JAPAN says it will buy a fifth of the gilts on offer at a planned auction of region-wide Eurozone bonds (or “e-bonds”) later this month.
The comments, made by finance minister Yoshihiko Noda, sparked a rally in the euro versus the yen, with traders speculating that Japan would have to load up on the single currency to make the purchases.
However, analysts expect the relief for the euro to be short-lived. Japan has $1 trillion in foreign reserves already and will only require a few million to make its purchase.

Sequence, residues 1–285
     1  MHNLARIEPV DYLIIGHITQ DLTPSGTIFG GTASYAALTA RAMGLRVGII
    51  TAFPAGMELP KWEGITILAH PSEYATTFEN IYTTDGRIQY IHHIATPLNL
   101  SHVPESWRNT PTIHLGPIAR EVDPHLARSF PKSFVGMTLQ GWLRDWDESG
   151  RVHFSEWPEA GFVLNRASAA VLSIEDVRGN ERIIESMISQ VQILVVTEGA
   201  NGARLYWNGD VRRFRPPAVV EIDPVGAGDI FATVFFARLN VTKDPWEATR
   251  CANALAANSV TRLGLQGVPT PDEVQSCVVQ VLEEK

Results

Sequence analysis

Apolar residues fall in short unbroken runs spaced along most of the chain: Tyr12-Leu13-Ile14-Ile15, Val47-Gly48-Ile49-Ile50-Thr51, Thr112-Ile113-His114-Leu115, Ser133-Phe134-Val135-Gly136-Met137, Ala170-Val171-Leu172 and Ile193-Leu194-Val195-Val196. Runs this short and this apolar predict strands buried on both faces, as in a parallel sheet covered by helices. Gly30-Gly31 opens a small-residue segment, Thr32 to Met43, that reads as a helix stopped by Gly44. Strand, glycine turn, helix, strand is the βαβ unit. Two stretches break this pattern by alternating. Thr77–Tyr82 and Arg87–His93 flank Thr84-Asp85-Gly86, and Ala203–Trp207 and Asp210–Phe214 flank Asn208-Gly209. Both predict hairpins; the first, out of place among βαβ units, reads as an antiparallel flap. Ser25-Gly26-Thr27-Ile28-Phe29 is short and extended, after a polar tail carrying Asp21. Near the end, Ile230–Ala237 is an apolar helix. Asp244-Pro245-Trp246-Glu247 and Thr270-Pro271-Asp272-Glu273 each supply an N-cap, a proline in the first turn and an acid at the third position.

The e-bonds are going on sale to fund the European Financial Stability Facility in an attempt to boost confidence in politicians’ commitment to the Eurozone. But with a rescue for Portugal looming, likely to cost a similar amount to Ireland’s €85bn (£70.6bn) package, the region’s bailout resources will also be grateful for the boost.
E-bonds are seen to be good investments because they deliver higher yields than French or German gilts but have the backing of Europe’s most stable economies.
Despite Japan’s move, economists are pessimistic. An update from Capital Economics said yesterday that even if Portugal agrees to take a bailout, “we fear... this will signal the start of a new, more dangerous, phase” in the crisis.
Worries continue despite Japan being the second non-European country to state interest in Eurozone debt.